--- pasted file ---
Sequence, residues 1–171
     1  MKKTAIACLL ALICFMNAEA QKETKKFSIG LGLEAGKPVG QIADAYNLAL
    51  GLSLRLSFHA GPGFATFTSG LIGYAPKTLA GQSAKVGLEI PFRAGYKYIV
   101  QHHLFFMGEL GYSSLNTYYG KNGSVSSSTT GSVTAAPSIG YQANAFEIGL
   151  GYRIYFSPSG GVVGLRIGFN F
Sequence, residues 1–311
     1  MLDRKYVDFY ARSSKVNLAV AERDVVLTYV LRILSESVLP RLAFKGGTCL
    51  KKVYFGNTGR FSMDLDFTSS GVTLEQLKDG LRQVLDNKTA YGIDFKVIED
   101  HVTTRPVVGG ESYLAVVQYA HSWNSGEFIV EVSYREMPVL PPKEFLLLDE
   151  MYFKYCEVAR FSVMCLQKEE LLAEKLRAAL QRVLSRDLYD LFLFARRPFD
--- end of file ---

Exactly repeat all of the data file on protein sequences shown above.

Sequence, residues 1–171
     1  MKKTAIACLL ALICFMNAEA QKETKKFSIG LGLEAGKPVG QIADAYNLAL
    51  GLSLRLSFHA GPGFATFTSG LIGYAPKTLA GQSAKVGLEI PFRAGYKYIV
   101  QHHLFFMGEL GYSSLNTYYG KNGSVSSSTT GSVTAAPSIG YQANAFEIGL
   151  GYRIYFSPSG GVVGLRIGFN F
Sequence, residues 1–311
     1  MLDRKYVDFY ARSSKVNLAV AERDVVLTYV LRILSESVLP RLAFKGGTCL
    51  KKVYFGNTGR FSMDLDFTSS GVTLEQLKDG LRQVLDNKTA YGIDFKVIED
   101  HVTTRPVVGG ESYLAVVQYA HSWNSGEFIV EVSYREMPVL PPKEFLLLDE
   151  MYFKYCEVAR FSVMCLQKEE LLAEKLRAAL QRVLSRDLYD LFLFARRPFD